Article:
Countries selected to provide mission payloads will be asked to pay a pro-rated portion of the mission cost, based on the resources required to host the payload and their ability to pay. In addition, major sponsors are being sought to finance a large portion of the mission costs.

For years SNC worked on designing a Dream Chaser capable of carrying astronauts to low Earth orbit. However, when SNC lost the NASA commercial crew competition to Boeing and SpaceX, the company shifted its focus to developing a crewless version to carry payloads and supplies to space.

Sierra Nevada Corp scored a major victory when NASA awarded it one of three contracts to carry supplies to the International Space Station (ISS). With the CRS-2 win, Sierra Nevada Corp will now receive a large amount of cash flow that will be a boon to the Dream Chaser program.

In addition to NASA, SNC has been successful in developing relationships with other space agencies. The contract with UNOOSA shows that this strategy is succeeding.

Source:  SNC
Associated URL: http://www.sncorp.com/AboutUs/NewsDetails/3810
Source Date: September 29, 2016
Author: B. Ostrove, Analyst 
Posted: 09/29/2016

 
 
ULA AND USAF AGREE ON VULCAN CERTIFICATION PROCESS
Thursday, September 29, 2016
Click image for a larger picture

Artist's rendition of a Vulcan launch vehicle

Source: ULA


Artist's rendition of a Vulcan launch vehicle

Source: ULA


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CENTENNIAL, Colo. - United Launch Alliance (ULA) and the U.S. Air Force Space and Missile Systems Center signed a Cooperative Research and Development Agreement (CRADA) to begin the certification process for the company’s new Vulcan Centaur launch vehicle.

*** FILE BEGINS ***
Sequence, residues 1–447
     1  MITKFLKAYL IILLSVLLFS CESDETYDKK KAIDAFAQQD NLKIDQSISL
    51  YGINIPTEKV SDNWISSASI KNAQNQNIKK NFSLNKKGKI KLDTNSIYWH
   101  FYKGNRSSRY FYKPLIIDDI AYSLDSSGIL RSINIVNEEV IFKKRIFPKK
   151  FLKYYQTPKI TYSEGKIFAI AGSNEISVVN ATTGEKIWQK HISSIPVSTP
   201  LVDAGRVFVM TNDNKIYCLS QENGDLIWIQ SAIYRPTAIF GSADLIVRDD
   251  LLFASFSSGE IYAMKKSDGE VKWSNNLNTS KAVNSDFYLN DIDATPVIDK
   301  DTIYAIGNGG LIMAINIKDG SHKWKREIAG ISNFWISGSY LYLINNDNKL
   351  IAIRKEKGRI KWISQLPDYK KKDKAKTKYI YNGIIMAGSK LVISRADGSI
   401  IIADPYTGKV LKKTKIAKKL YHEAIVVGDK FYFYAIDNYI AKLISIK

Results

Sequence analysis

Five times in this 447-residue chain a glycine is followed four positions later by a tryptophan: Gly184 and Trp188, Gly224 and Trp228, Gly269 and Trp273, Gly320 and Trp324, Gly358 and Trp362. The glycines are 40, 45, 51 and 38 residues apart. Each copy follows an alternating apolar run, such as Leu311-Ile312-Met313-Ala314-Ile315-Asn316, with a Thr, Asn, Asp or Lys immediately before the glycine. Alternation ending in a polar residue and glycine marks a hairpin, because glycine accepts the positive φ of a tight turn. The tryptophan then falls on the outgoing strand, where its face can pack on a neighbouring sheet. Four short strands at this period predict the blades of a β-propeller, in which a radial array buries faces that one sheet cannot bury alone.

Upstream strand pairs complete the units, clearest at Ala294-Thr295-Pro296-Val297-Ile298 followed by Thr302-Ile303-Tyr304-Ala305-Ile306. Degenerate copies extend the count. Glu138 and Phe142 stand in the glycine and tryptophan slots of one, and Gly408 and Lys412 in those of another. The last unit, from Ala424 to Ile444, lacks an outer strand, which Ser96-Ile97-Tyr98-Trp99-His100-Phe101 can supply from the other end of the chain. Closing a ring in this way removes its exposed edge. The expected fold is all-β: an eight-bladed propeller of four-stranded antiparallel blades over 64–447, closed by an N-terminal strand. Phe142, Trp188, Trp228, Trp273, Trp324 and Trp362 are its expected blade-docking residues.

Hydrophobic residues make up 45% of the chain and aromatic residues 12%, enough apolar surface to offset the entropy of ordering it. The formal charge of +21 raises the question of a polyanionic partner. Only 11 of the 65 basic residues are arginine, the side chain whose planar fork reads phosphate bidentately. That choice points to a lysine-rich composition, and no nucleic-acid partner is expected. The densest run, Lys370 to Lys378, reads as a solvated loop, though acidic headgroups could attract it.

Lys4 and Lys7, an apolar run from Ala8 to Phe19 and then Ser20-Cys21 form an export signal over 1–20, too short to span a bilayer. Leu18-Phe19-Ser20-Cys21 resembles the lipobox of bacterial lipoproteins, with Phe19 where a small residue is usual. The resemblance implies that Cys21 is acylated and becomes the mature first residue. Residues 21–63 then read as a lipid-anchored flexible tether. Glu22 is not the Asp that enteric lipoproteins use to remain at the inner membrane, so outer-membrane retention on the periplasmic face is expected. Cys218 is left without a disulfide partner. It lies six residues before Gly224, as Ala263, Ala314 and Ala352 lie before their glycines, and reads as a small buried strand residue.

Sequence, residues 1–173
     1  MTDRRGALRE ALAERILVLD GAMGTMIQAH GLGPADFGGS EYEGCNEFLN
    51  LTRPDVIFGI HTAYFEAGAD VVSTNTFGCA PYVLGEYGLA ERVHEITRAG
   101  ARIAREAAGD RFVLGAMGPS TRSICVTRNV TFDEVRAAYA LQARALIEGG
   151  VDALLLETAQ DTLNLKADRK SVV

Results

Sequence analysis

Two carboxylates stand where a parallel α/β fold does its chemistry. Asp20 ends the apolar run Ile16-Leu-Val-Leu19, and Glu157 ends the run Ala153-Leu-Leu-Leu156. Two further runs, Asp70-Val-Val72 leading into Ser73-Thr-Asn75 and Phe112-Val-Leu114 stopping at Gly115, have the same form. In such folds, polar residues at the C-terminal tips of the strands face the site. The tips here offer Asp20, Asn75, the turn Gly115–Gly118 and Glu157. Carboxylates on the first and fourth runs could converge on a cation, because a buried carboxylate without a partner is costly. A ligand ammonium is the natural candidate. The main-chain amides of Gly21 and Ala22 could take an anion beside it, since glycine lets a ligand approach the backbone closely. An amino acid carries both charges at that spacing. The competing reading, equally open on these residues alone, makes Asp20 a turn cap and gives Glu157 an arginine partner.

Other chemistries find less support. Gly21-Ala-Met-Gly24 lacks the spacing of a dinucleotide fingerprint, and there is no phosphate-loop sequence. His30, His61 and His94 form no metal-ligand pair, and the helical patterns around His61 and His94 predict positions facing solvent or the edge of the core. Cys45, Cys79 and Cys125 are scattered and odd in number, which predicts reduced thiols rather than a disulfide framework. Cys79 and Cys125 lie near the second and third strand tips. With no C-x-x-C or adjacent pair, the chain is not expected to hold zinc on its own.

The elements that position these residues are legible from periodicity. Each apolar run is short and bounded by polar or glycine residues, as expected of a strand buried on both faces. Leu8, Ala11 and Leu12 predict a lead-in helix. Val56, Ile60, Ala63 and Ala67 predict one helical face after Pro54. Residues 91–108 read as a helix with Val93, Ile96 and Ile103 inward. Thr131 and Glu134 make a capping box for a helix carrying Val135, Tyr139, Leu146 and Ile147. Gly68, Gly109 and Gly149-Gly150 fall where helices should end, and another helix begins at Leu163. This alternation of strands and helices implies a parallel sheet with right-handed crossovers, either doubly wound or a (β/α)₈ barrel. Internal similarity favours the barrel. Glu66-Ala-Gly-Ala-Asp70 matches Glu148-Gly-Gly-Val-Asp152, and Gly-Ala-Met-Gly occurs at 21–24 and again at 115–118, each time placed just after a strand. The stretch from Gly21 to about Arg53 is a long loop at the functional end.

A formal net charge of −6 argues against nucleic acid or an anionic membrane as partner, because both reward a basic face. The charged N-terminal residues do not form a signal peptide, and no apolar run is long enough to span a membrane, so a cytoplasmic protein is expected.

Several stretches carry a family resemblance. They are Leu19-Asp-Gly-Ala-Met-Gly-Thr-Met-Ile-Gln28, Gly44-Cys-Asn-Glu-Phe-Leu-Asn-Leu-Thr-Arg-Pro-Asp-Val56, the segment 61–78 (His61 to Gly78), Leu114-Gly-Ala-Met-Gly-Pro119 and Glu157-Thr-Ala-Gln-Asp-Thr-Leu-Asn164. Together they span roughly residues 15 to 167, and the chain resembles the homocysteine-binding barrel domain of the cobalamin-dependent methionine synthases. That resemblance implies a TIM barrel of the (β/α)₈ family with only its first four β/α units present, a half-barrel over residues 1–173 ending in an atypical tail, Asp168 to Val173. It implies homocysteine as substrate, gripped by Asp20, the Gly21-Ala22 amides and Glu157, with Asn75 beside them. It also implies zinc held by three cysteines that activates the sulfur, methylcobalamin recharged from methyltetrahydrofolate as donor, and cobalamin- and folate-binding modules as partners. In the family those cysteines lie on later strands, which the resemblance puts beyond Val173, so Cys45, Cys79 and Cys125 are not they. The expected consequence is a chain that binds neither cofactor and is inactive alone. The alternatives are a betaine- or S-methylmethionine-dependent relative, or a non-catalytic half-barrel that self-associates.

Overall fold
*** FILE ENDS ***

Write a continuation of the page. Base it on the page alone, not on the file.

"The certification process provides a path for launch-service providers to demonstrate the capability to design, produce, qualify, and deliver a new launch system and provide the mission assurance support required to deliver NSS satellites to orbit," said Lt. Gen. Samuel Greaves, Air Force Program Executive Officer for Space and Space and Missile Systems Center commander. "This process ensures that we continue to have assured access to space."

The Vulcan is ULA's response to major changes that are currently taking place in the launch market. The new launch vehicle addresses two problems that have arisen at ULA in recent years. The first is new competition from Space Exploration Technologies (SpaceX). SpaceX's Falcon 9 was recently certified to carry national defense payloads. The other major issue that the Vulcan addresses is replacement of the RD-180 engine - the main engine on the Atlas V. Supplied by Russian company Energomash, the engine has come under fire due to the conflict between the U.S. and Russia over Ukraine. Congress has demanded that the Air Force and ULA find a replacement for the venerable engine.

The ULA team completed the vehicle’s Preliminary Design Review in July of this year, and is on schedule to fly the inaugural flight test of the Vulcan Centaur in 2019.

Source:  ULA
Associated URL: http://www.ulalaunch.com/news-press-details.aspx?id=333&title=United-Launch-Alli
Source Date: September 29, 2016
Author: B. Ostrove, Analyst 
Posted: 09/29/2016